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Posts tagged Tasmania

Hobart on Derwent River Estuary by Meehan Ranges, Tasmania, Australia

42.8S 147.3E

August 26th, 2010 Category: Mountains, Rivers

Australia - July 11th, 2010

Australia - July 11th, 2010

This APM image of eastern Tasmania, Australia, shows the area around the city of Hobart (yellow-white area near center of ledge edge). Hobart is the state capital and most populous city of the Australian island state of Tasmania.

The city is located in the state’s south-east on the estuary of the Derwent River. It extends along both sides of the Derwent River, on the Western Shore from the Derwent Valley in the North through the flatter areas of Glenorchy and into the hilly areas of New Town, Lenah Valley, before stretching into the lower areas such as the beaches of Sandy Bay in the South, in the Derwent Estuary.

The Eastern Shore also extends from the Derwent Valley area in a Southerly direction hugging the Meehan Ranges in the East before sprawling into flatter land in suburbs such as Bellerive. From there the city extends in an easterly direction through the Meehan Ranges into the hilly areas of Rokeby and Oakdowns, before reaching into the tidal flatland area of Lauderdale. The skyline of Hobart is dominated by Mount Wellington at 1,271 metres high.

Moulting Lagoon Near Great Oyster Bay, Australia

42.2S 148.3E

August 5th, 2010 Category: Lakes

Australia - July 11th, 2010

Australia - July 11th, 2010

This APM image shows the eastern coast of Tasmania, Australia. Visible in the lower right quadrant is the Freycinet Peninsula, lying 1.6 kilometers north of Schouten Island.

West of the peninsula is Great Oyster Bay, a broad and sheltered bay that opens onto the Tasman Sea. At the north of the bay the floodplains of the Aspley and Swan rivers has created the Moulting Lagoon, an important Ramsar listed wetlands, known as the Moulting Lagoon Game Reserve.

National Parks and State Forest Reserves in Australia

37.3S 146.8E

March 24th, 2010 Category: Snapshots

Australia - February 23rd, 2010

Australia - February 23rd, 2010

Parts of Victoria, New South Wales and Tasmania, Australia, can all be observed here. While mainland Australia’s more arid interior appears reddish, many green and brown forested areas are visible closer to the coast.

Many of the dark green areas are national parks and state forest reserves, including Alpine National Park, Snowy River National Park and Errinunda National Park in Victoria, as well as Kosciuszko National Park, Namadgi National Park, Bondo State Forest and Brindabella National Park in New South Wales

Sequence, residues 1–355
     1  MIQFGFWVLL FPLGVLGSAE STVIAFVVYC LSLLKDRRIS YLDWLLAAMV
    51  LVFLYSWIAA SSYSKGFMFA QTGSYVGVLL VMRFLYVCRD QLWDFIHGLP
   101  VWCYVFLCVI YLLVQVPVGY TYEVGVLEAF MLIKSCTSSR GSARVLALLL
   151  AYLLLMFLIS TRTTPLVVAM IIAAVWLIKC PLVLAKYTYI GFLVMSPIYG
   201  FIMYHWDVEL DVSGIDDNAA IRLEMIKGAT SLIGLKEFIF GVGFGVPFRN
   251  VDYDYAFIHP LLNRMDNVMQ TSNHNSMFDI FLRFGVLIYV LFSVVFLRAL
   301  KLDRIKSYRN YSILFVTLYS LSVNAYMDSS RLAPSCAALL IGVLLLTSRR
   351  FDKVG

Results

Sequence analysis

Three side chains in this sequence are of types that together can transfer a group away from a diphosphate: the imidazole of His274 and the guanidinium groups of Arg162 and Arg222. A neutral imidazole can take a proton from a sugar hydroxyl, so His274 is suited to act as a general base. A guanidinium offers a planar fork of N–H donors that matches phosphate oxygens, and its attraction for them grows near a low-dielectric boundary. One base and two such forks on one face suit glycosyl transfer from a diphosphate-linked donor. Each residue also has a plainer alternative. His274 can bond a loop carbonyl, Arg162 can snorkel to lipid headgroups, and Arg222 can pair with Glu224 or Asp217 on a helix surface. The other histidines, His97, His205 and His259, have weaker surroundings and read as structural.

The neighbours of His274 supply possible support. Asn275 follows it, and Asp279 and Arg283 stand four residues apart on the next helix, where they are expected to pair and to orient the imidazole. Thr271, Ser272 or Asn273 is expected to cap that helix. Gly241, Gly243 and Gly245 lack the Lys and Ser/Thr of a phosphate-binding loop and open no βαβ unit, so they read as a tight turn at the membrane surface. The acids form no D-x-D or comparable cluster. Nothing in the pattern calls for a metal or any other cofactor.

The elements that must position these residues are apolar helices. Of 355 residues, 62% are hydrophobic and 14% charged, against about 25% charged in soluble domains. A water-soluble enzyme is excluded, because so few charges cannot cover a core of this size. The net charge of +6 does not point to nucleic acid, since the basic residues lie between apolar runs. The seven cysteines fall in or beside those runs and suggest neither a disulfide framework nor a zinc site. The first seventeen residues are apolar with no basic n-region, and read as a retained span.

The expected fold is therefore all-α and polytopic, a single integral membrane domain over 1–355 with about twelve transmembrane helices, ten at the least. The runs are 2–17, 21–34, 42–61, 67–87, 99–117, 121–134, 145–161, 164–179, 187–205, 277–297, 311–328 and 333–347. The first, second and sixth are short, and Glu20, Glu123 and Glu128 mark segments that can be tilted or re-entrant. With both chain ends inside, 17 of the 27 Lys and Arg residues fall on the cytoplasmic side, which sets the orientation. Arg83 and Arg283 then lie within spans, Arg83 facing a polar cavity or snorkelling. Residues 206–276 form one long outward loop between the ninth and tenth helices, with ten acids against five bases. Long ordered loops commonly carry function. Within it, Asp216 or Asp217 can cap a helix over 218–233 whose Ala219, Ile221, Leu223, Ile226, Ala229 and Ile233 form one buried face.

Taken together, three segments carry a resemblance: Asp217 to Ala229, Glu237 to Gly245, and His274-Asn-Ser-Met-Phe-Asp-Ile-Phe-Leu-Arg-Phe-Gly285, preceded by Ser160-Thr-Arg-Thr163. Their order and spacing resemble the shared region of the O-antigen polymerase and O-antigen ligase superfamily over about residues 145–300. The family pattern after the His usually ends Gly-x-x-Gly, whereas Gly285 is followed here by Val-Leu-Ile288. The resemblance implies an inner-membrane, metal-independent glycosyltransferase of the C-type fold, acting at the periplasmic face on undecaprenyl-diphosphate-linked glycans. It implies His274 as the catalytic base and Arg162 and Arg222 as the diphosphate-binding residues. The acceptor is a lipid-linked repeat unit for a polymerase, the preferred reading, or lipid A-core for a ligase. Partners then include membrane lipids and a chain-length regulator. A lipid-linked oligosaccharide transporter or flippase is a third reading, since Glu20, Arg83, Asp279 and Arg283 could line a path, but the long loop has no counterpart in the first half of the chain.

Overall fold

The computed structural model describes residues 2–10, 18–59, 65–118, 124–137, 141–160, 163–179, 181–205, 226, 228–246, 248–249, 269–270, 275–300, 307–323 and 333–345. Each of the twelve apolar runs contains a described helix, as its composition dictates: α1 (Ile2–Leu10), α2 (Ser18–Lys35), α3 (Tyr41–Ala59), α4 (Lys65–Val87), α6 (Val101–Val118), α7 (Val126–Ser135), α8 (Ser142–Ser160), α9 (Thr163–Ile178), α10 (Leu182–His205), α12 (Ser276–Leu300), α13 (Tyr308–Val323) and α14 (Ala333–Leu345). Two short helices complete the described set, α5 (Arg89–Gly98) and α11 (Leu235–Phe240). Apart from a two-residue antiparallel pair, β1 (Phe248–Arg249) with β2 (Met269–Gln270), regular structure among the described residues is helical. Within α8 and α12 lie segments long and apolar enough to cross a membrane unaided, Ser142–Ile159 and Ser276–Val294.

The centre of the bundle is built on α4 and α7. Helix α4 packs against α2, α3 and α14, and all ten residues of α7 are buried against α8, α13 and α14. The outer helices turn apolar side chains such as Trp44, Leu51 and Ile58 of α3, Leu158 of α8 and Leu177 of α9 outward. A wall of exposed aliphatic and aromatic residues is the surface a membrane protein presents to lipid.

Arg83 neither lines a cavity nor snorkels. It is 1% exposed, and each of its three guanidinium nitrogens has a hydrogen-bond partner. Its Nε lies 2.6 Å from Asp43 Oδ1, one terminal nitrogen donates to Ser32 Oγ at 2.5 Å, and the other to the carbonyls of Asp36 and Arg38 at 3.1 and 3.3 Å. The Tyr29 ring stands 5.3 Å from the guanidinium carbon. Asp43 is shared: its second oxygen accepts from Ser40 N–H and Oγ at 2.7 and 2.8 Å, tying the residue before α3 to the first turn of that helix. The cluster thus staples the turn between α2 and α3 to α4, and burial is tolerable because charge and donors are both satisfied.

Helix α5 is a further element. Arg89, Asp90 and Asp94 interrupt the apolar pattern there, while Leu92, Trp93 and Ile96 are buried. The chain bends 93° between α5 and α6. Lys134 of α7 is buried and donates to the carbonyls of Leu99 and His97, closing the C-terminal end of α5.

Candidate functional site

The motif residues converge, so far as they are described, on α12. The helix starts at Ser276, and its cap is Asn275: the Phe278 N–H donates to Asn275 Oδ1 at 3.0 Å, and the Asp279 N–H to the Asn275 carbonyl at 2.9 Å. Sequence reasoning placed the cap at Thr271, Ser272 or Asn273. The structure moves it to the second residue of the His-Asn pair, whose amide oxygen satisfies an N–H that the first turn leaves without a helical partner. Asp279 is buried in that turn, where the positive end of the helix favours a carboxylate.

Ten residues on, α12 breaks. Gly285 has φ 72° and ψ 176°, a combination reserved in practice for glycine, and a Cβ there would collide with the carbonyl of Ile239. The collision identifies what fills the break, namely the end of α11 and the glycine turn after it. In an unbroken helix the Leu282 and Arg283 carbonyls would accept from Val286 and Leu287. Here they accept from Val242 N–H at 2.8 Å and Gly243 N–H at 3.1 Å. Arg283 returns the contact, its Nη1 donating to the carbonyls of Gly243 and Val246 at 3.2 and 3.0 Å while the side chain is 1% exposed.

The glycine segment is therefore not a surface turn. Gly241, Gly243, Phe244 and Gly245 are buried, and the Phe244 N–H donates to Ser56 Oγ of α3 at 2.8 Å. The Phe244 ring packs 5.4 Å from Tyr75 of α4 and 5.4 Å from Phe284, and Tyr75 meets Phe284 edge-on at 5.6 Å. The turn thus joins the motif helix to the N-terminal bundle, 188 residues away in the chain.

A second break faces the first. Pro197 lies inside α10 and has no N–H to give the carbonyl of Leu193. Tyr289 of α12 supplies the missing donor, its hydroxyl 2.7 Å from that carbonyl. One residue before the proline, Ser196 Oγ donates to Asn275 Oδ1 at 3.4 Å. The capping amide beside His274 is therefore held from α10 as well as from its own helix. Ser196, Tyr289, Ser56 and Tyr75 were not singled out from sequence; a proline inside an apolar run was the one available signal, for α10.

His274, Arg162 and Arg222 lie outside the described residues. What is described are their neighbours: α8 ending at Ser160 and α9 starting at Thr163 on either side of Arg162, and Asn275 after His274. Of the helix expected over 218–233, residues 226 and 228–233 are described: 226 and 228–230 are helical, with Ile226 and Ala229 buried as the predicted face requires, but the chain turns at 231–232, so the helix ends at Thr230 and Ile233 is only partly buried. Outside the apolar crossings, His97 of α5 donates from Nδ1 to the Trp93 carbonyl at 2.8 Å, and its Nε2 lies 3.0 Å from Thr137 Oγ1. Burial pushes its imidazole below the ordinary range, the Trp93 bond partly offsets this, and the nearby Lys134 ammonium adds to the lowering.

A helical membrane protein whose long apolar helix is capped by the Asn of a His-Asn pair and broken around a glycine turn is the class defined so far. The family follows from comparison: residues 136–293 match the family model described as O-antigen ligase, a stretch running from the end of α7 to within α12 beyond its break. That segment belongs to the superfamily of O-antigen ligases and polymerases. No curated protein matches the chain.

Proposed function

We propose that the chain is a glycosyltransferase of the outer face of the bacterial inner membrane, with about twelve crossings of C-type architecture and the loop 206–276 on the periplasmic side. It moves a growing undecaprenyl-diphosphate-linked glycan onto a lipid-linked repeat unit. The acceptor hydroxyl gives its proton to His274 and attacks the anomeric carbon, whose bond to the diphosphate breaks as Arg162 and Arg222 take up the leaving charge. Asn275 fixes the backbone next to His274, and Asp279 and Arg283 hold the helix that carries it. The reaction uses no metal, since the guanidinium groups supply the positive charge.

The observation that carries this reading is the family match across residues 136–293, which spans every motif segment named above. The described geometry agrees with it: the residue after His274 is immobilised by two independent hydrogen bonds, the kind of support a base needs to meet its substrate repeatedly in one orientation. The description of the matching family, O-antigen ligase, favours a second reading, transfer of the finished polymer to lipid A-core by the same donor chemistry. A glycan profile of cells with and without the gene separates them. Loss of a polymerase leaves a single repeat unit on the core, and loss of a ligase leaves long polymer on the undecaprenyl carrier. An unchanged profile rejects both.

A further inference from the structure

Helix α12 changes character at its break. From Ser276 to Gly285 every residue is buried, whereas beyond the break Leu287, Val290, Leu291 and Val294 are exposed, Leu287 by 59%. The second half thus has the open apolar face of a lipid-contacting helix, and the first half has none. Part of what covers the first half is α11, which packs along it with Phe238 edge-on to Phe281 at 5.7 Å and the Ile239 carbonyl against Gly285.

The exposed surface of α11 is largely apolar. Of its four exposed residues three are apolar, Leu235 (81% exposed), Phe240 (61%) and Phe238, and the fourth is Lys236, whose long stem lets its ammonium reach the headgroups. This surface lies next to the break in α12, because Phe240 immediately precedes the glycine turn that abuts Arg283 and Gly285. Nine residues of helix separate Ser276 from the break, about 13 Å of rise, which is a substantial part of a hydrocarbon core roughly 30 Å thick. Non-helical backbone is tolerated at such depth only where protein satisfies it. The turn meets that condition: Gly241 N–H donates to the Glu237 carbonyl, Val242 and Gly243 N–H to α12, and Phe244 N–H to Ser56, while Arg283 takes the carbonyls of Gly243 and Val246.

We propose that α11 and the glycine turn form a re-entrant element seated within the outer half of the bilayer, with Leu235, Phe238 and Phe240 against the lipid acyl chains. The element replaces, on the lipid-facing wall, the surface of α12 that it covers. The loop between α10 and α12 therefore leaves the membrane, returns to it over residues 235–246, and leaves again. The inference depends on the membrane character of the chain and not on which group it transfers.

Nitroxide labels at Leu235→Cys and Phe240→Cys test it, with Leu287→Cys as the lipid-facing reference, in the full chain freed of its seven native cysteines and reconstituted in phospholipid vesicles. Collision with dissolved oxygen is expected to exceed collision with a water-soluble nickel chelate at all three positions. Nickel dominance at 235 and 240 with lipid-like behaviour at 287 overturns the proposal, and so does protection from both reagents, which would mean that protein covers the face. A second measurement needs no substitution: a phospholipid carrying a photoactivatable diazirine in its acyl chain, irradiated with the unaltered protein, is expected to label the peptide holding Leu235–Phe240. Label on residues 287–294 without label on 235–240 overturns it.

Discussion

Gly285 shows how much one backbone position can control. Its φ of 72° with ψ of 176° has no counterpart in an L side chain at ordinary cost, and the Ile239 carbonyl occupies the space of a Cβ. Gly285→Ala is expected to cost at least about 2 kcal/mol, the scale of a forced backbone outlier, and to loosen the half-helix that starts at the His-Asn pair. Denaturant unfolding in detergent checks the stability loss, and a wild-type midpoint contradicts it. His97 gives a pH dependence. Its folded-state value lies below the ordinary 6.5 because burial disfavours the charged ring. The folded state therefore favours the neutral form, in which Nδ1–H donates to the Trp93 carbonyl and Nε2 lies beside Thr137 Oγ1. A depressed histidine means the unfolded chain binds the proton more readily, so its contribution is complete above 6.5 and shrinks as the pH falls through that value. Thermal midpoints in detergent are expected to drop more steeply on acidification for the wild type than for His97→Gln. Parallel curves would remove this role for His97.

Fire by Victoria-NSW Border Releases Circular Smoke Cloud, Australia – March 17th, 2010

37.5S 149.5E

March 17th, 2010 Category: Fires, Image of the day, Phytoplankton

Australia - March 14th, 2010

Australia - March 14th, 2010

Close-up of Fire by Victoria-NSW Border

Close-up of Fire by Victoria-NSW Border

Close-up of Smoke Over Bass Strait

Close-up of Smoke Over Bass Strait

Smoke from fires near the southern coast of Victoria, Australia, trails over the Bass Strait towards Tanzania. They appear to be located mostly in national parks or forest reserve areas.

The most prominent fire is located to the upper right,  by the Victoria-New South Wales (NWS) border. It is releasing a large, circular cloud of smoke. Also, to the south, a green and blue phytoplankton bloom is visible in the Bass Strait below the veil of smoke.

Vegetation Index of Tasmania, Victoria and New South Wales, Australia

37.8S 144.9E

March 4th, 2010 Category: Vegetation Index

Australia - February 23rd, 2010

Australia - February 23rd, 2010

This FAPAR image shows the vegetation index of Victoria, New South Wales and Tasmania, Australia. Most of Tasmania appears green, indicating good levels of photosynthetic activity, as do most of the coastal areas on the Australian mainland.

Some areas in New South Wales, principally in national parks and forest reserves, appear dark red, indicating high photosynthetic activity. As one moves inland towards Australia’s more arid interior, the color changes to yellow and white, reflecting the low activity of those zones.